3 3 u axis of rotation plane perpendicular to u o a c θ b p b Figure 2: Vectors used in the derivation of Rodrigues formula. so that we have the result in the top box of Table 1. That equation is called Rodrigues formula. To invert this formula, note that the sum of its first two terms, is a symmetric matrix, while the last term, is antisymmetric. Therefore, R R T = 2u sin θ = I cos θ + (1 cos θ)uu T u sin θ 0 u 3 u 2 u 3 0 u 1 u 2 u 1 0 sin θ = 2 0 ρ 3 ρ 2 ρ 3 0 ρ 1 ρ 2 ρ 1 0 Since the vector u has unit norm, the norm of the vector (ρ 1, ρ 2, ρ 3 ) is sin θ. Direct calculation shows that the trace, that is, the sum of the diagonal elements of the rotation matrix R, is equal to 2 cos θ + 1, so that If sin θ = 0, and cos θ = 1 then the rotation vector is cos θ = (r 11 + r 22 + r 33 1)/2. r = 0. If sin θ = 0, and cos θ = 1 then Rodrigues formula simplifies to the following: R = I + 2uu T.

4 4 1 ROTATION VECTORS so that uu T = R + I. 2 This equation shows that each of the three columns of (R + I)/2 is a multiple of the unknown unit vector u. Since the norm of u is one, not all its entries can be zero. Let v be any nonzero column of R + I. Then v v and r = uπ. In the general case, sin θ 0. Then, the normalized rotation vector is ρ ρ. From sin θ and cos θ, the two-argument arc-tangent function yields the angle θ, and r = uθ. The two-argument function arctan 2 is defined as follows for (x, y) (0, 0) arctan( y x ) if x > 0 π + arctan( y arctan 2 (y, x) = x ) if x < 0 π 2 if x = 0 and y > 0 π 2 if x = 0 and y < 0 (1) and is undefined for (x, y) = (0, 0). This function returns the arc-tangent of y/x (notice the order of the arguments) in the proper quadrant, and extends the function by continuity along the y axis. Table 1 summarizes this discussion.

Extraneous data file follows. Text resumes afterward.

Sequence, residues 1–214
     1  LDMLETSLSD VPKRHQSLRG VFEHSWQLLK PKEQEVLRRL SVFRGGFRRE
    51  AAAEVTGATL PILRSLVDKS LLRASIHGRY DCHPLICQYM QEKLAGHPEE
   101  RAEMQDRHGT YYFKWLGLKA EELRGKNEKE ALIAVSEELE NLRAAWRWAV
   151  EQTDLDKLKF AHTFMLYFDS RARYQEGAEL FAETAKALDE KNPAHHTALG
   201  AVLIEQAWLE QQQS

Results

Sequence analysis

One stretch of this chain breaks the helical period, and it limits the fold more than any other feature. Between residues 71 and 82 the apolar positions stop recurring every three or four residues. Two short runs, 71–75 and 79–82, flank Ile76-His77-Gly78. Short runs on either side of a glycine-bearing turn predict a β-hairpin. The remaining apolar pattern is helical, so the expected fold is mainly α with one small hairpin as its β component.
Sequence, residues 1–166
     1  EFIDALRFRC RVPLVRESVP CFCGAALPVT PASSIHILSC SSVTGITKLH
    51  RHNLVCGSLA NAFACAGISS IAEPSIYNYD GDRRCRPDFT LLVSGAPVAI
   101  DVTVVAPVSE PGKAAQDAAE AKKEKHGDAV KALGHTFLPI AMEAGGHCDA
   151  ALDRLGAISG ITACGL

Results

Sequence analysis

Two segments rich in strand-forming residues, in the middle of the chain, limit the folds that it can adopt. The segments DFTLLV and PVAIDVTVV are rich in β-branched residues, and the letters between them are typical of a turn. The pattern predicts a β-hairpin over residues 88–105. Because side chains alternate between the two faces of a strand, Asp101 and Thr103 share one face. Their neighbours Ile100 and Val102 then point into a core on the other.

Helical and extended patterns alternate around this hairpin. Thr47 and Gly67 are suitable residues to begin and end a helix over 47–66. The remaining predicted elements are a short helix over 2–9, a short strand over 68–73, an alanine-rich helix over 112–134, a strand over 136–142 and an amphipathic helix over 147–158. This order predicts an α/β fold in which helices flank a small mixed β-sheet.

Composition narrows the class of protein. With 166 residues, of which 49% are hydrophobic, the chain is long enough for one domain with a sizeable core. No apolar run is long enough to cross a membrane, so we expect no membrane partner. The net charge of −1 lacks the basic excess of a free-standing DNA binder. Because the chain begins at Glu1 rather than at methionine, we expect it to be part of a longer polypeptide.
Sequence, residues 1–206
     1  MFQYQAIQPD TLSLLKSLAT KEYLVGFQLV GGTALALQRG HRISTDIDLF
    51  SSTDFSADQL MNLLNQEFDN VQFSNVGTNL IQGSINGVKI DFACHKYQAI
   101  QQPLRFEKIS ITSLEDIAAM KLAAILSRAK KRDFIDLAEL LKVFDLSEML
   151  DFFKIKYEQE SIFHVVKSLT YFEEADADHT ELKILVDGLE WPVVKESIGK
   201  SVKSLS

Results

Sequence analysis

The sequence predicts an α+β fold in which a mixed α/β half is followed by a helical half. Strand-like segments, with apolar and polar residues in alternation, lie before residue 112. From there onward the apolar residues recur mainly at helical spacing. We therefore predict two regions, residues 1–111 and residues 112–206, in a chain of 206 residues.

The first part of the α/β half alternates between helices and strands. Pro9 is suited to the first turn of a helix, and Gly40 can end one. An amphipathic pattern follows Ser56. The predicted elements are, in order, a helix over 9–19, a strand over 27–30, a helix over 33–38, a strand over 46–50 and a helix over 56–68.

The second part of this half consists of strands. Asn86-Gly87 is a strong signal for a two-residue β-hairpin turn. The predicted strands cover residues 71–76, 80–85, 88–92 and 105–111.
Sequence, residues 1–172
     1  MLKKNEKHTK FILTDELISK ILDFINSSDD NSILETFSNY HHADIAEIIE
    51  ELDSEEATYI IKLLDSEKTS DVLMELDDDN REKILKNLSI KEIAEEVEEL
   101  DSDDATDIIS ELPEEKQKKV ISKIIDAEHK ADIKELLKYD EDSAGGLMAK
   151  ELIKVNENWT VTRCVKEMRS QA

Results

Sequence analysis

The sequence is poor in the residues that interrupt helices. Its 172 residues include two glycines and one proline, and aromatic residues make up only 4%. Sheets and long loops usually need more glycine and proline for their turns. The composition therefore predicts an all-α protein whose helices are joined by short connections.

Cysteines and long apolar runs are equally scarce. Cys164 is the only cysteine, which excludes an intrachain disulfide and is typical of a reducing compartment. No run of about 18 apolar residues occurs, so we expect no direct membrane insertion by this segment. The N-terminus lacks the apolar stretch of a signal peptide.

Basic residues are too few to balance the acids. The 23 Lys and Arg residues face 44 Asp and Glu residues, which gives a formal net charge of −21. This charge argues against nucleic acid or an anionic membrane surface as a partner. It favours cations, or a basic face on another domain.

5 5 The rotation matrix R corresponding to the rotation vector r such that r π can be computed as follows: If θ = 0, then R = I. Otherwise, θ = r r θ and R = I cos θ + (1 cos θ)uu T + u sin θ. The rotation vector r corresponding to the rotation matrix can be computed as follows: R such that R T R = RR T = I and det(r) = 1 A = R RT 2, ρ = [ a 32 a 13 a 21 ] T s = ρ, c = (r 11 + r 22 + r 33 1)/2. If s = 0 and c = 1, then r = 0. Otherwise, if s = 0 and c = 1, let v = a nonzero column of R + I. Then, v, r = S v 1/2 (uπ). In this expression, the function S 1/2 (r) flips signs of the coordinates of vector r (assumed here to have norm π) to force it onto the half-hemisphere of Figure 1, in order to ensure uniqueness: r if r = π and ((r 1 = r 2 = 0 and r 3 < 0) S 1/2 (r) = or (r 1 = 0 and r 2 < 0) or (r 1 < 0)) r otherwise. Finally, if sin θ 0, ρ s, θ = arctan 2 (s, c), and r = uθ where the function arctan 2 is defined in equation (1). Table 1: Rodrigues formula (top box) and its inverse (bottom box) transform between a rotation vector r and a rotation matrix R.